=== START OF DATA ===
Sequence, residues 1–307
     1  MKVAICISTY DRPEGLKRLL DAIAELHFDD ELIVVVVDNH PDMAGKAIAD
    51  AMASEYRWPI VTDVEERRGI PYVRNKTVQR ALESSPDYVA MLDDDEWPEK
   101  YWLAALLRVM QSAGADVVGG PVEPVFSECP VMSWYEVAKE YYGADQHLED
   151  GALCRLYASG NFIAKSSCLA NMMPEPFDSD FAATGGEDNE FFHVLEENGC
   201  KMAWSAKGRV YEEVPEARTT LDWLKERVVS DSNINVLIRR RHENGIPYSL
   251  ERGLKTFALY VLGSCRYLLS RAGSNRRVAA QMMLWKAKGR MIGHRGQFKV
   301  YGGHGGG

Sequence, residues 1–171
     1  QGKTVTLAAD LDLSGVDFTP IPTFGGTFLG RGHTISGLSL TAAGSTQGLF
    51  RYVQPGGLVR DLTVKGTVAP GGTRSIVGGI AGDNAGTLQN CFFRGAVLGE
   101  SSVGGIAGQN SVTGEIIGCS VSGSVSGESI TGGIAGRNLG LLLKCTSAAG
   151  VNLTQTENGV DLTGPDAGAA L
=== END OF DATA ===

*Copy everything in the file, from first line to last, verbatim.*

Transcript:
Sequence, residues 1–307
     1  MKVAICISTY DRPEGLKRLL DAIAELHFDD ELIVVVVDNH PDMAGKAIAD
    51  AMASEYRWPI VTDVEERRGI PYVRNKTVQR ALESSPDYVA MLDDDEWPEK
   101  YWLAALLRVM QSAGADVVGG PVEPVFSECP VMSWYEVAKE YYGADQHLED
   151  GALCRLYASG NFIAKSSCLA NMMPEPFDSD FAATGGEDNE FFHVLEENGC
   201  KMAWSAKGRV YEEVPEARTT LDWLKERVVS DSNINVLIRR RHENGIPYSL
   251  ERGLKTFALY VLGSCRYLLS RAGSNRRVAA QMMLWKAKGR MIGHRGQFKV
   301  YGGHGGG

Sequence, residues 1–171
     1  QGKTVTLAAD LDLSGVDFTP IPTFGGTFLG RGHTISGLSL TAAGSTQGLF
    51  RYVQPGGLVR DLTVKGTVAP GGTRSIVGGI AGDNAGTLQN CFFRGAVLGE
   101  SSVGGIAGQN SVTGEIIGCS VSGSVSGESI TGGIAGRNLG LLLKCTSAAG
   151  VNLTQTENGV DLTGPDAGAA L